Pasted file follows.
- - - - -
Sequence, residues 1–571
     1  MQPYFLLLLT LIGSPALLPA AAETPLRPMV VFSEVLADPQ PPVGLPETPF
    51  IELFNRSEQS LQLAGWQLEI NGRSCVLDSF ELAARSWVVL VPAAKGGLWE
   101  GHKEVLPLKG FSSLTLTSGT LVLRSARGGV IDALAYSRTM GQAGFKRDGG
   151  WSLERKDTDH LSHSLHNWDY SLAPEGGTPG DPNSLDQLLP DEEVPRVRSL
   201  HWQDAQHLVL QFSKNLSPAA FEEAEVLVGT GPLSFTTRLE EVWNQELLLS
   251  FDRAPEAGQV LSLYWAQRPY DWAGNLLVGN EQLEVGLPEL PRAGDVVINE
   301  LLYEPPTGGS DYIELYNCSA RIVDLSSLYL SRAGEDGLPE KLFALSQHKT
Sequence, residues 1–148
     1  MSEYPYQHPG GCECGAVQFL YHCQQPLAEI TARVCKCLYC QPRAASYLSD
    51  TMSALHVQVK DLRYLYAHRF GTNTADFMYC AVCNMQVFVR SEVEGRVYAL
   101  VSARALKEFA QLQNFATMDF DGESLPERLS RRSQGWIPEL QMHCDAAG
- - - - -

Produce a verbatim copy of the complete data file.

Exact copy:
Sequence, residues 1–571
     1  MQPYFLLLLT LIGSPALLPA AAETPLRPMV VFSEVLADPQ PPVGLPETPF
    51  IELFNRSEQS LQLAGWQLEI NGRSCVLDSF ELAARSWVVL VPAAKGGLWE
   101  GHKEVLPLKG FSSLTLTSGT LVLRSARGGV IDALAYSRTM GQAGFKRDGG
   151  WSLERKDTDH LSHSLHNWDY SLAPEGGTPG DPNSLDQLLP DEEVPRVRSL
   201  HWQDAQHLVL QFSKNLSPAA FEEAEVLVGT GPLSFTTRLE EVWNQELLLS
   251  FDRAPEAGQV LSLYWAQRPY DWAGNLLVGN EQLEVGLPEL PRAGDVVINE
   301  LLYEPPTGGS DYIELYNCSA RIVDLSSLYL SRAGEDGLPE KLFALSQHKT
Sequence, residues 1–148
     1  MSEYPYQHPG GCECGAVQFL YHCQQPLAEI TARVCKCLYC QPRAASYLSD
    51  TMSALHVQVK DLRYLYAHRF GTNTADFMYC AVCNMQVFVR SEVEGRVYAL
   101  VSARALKEFA QLQNFATMDF DGESLPERLS RRSQGWIPEL QMHCDAAG